Image credit: Finnish Government
By José Niño
During the United States’ so-called “unipolar” moment of the 1990s, the prevailing wisdom was that the world entered an “end of history” moment where Western liberalism was destined to be the universal standard of governance worldwide. To many policy-makers in the West, the collapse of the Soviet Union meant liberal democracy and market-based economies could now flourish worldwide.
To be sure, there were laggards to this liberal triumph such as China, Cuba, and North Korea, but the overriding assumption was that the march of progress would be inevitable. China, especially, it was believed, would liberalize through the American policy of engagement and increased economic intercourse with the U.S. The logic at the time went as follows: Increased trade with China and its integration into the global economic order would motivate Beijing to liberalize not just in economic terms but also politically. To help along this supposedly self-fulfilling prophecy, U.S. policymakers granted Beijing permanent normal trading relations (PNTR) status and supported its accession into the World Trade Organization (WTO) in the early 2000s.
With the break-up of the Warsaw Pact and the expansion of the North Atlantic Treaty Organization (NATO) into Eastern Europe, the conventional wisdom in Washington also professed the end of the ‘sphere of influence’ politics. Liberalism’s perceived triumph during the Cold War convinced many Atlantacists that geopolitical conflict would simply vanish and permanent peace would be achieved in our time — once all nations of the world inevitably became liberal democracies.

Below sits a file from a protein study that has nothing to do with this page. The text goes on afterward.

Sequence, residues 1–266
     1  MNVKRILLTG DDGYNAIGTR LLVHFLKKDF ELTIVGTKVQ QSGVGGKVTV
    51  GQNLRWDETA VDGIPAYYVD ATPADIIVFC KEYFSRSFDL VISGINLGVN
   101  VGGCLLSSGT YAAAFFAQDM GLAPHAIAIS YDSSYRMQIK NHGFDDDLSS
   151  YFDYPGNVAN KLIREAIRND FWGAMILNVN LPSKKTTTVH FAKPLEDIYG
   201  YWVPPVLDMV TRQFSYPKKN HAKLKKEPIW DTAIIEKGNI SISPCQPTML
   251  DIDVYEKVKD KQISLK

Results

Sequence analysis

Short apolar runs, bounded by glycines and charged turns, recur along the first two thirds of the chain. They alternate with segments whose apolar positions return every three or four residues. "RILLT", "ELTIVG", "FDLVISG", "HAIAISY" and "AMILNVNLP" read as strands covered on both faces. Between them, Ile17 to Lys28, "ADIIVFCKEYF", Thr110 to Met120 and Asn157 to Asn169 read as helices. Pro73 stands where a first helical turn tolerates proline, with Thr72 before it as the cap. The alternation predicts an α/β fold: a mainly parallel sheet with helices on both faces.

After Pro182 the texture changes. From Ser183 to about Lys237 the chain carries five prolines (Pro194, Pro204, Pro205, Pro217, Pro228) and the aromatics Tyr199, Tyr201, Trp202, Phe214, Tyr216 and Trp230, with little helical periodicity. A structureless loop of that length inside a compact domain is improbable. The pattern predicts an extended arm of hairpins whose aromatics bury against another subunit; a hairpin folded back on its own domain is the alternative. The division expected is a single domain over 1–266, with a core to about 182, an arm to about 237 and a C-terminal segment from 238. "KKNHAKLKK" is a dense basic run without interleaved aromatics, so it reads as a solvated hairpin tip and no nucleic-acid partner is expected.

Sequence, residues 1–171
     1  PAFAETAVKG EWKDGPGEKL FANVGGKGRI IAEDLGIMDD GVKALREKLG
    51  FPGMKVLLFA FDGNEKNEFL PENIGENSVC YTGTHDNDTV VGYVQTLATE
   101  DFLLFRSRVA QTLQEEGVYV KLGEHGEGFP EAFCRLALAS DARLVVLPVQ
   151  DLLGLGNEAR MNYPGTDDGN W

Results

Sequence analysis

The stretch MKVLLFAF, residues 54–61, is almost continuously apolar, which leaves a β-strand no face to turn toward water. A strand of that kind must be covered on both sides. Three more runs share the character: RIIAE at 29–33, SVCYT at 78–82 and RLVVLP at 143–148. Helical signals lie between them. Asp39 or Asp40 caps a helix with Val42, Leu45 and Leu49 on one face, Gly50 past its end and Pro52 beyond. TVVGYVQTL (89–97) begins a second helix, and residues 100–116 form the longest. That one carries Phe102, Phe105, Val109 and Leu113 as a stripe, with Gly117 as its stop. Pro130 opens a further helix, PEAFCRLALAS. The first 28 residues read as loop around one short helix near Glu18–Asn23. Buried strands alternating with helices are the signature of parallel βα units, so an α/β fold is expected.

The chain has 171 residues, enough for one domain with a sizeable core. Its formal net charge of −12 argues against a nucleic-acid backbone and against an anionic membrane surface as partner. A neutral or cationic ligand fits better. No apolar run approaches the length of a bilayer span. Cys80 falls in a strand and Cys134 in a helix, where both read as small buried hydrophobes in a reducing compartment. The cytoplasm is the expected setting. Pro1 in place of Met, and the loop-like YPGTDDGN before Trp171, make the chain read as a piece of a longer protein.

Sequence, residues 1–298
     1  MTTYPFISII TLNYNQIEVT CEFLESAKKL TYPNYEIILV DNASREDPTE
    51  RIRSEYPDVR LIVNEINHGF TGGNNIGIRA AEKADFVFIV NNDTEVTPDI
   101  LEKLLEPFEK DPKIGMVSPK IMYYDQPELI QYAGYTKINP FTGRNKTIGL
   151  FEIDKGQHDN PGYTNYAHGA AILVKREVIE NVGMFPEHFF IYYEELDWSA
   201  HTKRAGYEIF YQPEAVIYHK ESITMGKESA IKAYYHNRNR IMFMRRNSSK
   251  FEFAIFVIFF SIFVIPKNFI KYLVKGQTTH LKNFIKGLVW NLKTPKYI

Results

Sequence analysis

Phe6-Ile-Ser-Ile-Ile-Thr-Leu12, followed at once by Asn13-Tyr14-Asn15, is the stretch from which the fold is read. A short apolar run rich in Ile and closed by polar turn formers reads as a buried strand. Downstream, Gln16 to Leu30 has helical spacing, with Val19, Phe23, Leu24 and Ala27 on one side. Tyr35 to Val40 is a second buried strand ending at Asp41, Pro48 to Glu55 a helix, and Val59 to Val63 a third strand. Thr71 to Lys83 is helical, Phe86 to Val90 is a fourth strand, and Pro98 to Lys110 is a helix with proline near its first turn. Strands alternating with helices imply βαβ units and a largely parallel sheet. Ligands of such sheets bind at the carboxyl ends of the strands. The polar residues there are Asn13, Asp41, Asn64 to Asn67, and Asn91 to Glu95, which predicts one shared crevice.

In reality, history did not end. War did not disappear. And, many countries resisted democratization. Some like Russia even reversed course, rejecting the liberal paradigm in toto under Vladimir Putin. Those false, if lofty, liberal assumptions were further proved hollow when Russia asserted itself in its traditional sphere of influence in Georgia (2008) and Ukraine (2014). In fact, Russia has been engaged militarily in the latter country for eight years to repel what it perceives as Western encroachment into its sphere of influence.
The Russian redline on Ukraine culminated, towards the end of February, in a large-scale incursion to demilitarize and impose neutrality on Ukraine. That tragic war is on-going with devastating impact on civilians, but it is a reminder that the regional security dynamics and distribution of power matter: Russia views Ukraine as an essential and non-negotiable component of its sphere; and as a regional hegemon, Moscow has the power to bend Kiev to its will and will do so, no matter what Washington or NATO demand or how they frame the conflict.